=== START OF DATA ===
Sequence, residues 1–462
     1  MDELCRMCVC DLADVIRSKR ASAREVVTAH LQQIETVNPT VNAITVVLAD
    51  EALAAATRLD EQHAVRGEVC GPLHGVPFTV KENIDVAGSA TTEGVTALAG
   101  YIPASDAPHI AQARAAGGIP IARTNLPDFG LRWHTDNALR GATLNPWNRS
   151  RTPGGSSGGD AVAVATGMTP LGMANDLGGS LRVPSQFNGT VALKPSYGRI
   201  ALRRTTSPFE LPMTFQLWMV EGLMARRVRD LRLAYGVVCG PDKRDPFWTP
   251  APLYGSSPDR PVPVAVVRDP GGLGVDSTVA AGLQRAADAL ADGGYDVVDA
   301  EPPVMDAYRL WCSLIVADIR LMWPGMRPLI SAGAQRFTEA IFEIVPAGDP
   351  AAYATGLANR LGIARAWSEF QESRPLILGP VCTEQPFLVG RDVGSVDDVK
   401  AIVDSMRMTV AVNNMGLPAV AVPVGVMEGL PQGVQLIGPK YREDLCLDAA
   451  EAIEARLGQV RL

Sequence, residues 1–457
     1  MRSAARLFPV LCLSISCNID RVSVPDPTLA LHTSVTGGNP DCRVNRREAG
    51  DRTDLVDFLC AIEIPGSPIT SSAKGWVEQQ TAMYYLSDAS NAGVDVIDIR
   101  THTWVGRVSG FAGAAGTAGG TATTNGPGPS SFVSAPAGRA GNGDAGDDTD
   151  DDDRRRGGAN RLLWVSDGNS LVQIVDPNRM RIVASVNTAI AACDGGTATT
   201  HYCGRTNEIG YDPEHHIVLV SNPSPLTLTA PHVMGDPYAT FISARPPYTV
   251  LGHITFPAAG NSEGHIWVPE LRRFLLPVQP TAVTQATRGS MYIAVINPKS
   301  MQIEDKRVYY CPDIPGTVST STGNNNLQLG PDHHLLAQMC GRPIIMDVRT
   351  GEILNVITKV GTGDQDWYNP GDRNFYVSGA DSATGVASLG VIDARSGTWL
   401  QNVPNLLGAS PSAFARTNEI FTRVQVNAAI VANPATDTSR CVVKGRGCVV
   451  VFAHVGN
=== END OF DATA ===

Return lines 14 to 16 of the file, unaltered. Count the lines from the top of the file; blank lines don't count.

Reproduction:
    51  DRTDLVDFLC AIEIPGSPIT SSAKGWVEQQ TAMYYLSDAS NAGVDVIDIR
   101  THTWVGRVSG FAGAAGTAGG TATTNGPGPS SFVSAPAGRA GNGDAGDDTD
   151  DDDRRRGGAN RLLWVSDGNS LVQIVDPNRM RIVASVNTAI AACDGGTATT